I just completed reading, with great interest, a new book titled: FLASH POINTS, written by George Friedman. The book begins with a detailed narration of how the Jewish family of George Friedman escaped from Hungary during 1949 to Vienna – to escape the communists – when he was just six months old and how the family landed in the U.S.A subsequently, crossing several borders – his mother first in New York and his father later in 1952. The modern-day European Union was crafted in large part to minimize built-in geopolitical tensions that historically have torn it apart. Friedman, attempts, mixing rich history and cultural analysis that its design is failing. FLASHPOINTS
narrates a living
history of Europe and explains its most volatile regions.
No continent is as small and fragmented as Europe. Europe today consists of fifty independent nations (including Turkey and Caucasus). Europe’s population density is 72.5 people per square kilometer. The EU’s density is 112 and Asia is 86. Europe’s geography means it can’t be united through conquest. It means that small nations survive for a very long time – with long memories that make trust and forgiveness impossible. The map of Europe in 1000 is similar to the map of 2000. Europe has been a place where wars repeated themselves endlessly.
Europe is divided into borderlands, where nations, religions, and cultures meet and mix, but they can also be the places where the wars are fought. These are flashpoints. In World War I and II all the borderlands in Europe became flashpoints that sparked and set off fires that grew and spread. There is frequently a political border within, but the borderland itself is wider and in many ways more significant. The most important borderland divides the European peninsula from the European mainland, the West
from Russia. There is
another borderland between the French and German worlds, stretching from the
North Sea to the Alps. The Balkans are the borderland between Central Europe
and Turkey. The Pyrenees range of mountains in the southwest Europe are the
borderland between the Iberians (of Spain, Portugal and Andorra) and the rest
of the Europe. There are even smaller ones surrounding Hungary, where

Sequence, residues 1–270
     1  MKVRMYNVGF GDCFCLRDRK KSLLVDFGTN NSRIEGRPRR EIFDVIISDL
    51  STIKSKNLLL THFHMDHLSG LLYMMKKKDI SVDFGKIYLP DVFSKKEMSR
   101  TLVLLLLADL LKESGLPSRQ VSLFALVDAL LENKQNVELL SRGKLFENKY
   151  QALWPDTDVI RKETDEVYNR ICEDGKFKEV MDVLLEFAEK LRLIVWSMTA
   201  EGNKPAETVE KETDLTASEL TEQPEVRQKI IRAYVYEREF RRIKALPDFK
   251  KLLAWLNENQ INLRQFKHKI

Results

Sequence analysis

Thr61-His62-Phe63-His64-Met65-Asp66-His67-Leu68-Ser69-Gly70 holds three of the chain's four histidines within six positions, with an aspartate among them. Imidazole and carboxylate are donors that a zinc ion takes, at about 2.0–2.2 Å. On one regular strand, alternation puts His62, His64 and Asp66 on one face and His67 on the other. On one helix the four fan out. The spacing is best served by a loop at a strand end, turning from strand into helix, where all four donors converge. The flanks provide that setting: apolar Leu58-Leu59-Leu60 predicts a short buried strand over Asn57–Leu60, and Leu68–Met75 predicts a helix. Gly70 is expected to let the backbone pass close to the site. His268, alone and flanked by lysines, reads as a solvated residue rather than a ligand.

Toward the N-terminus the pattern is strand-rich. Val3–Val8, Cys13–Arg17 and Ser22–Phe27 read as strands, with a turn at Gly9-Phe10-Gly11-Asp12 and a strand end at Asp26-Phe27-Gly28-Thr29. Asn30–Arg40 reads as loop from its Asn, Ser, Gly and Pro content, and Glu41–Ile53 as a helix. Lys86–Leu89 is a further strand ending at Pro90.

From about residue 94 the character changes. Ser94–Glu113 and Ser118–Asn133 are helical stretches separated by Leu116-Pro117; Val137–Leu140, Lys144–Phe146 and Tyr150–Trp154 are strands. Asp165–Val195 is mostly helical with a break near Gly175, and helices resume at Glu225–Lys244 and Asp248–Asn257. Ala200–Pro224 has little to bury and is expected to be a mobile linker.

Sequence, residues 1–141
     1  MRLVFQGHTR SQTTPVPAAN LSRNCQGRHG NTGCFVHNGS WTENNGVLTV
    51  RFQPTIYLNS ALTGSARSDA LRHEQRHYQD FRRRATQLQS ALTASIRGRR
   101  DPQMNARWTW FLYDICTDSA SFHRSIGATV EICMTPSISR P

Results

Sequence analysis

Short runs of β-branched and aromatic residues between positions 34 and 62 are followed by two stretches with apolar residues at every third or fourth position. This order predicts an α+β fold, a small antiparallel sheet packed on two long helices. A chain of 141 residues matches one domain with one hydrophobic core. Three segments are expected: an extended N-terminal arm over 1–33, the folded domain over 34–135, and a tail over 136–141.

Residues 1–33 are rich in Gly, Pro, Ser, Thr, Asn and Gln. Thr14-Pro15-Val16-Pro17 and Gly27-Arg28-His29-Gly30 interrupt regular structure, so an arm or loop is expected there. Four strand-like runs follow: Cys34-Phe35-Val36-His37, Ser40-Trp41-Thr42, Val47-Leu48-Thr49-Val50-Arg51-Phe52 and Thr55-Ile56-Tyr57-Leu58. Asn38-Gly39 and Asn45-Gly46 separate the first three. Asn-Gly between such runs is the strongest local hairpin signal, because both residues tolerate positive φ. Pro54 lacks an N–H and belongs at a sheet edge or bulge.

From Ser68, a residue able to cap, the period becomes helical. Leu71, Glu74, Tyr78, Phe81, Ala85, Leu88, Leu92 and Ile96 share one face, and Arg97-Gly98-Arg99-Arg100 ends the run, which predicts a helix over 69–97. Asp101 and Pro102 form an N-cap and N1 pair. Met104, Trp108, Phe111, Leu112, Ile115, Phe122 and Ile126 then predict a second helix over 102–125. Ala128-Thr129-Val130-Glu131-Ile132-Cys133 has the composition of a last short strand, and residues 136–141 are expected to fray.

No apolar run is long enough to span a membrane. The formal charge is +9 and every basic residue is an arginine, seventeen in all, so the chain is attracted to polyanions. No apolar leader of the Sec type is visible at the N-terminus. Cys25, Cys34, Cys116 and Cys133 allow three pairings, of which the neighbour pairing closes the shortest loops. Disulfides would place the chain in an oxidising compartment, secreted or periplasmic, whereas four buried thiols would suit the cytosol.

Hungarians live under the rule of Romanian and Slovakian states. There is even
a water border – the English Channel, separating the Britain from the
Europe rebuilt itself with difficulty and with help from its victors and, was given back its sovereignty by the actions of others. Europeans ceded their empire, their power, even in some ways their significance, to the principle that they should never again experience the horror of those years nor live on its precipice as they did in the Cold War.
The Institution, created to ban their nightmares was the European Union. Its intent was to bond European nations so closely together in such a prosperous enterprise that none of its nation members would have any reason to break the peace or fear another. Ironically, Europe had struggled for centuries to free nations from oppression by other nations and make national sovereignty and national self-determination possible.
The question is whether the conflict and war have actually been banished or whether this is merely an interlude, a seductive illusion. Europe is the single most prosperous region in the world. Its GDP collectively is greater than that of the United States. It couches Asia, the Middle East, and Africa. Another series of wars would change not only Europe, but the world.
I had always wondered why in India we can’t make history lessons as interesting as the description about Europe’s Flashpoints goes about in this book. My impressions about ‘History’ as an academic subject was: history was dull, mundane, mere statement of facts (whether true or false) without giving an opportunity to the student to introspect and interpret history. As someone said, ‘History is the lies of the victors and the self-delusions of those defeated.’
The book is
provoking and makes history, engrossing to read about.
Reading the book: FLASHPOINTS, I was subconsciously driven to compare India as we see it today and Europe and to introspect on the flashpoints as applicable to India. The arguments I would put forth are:
to be continued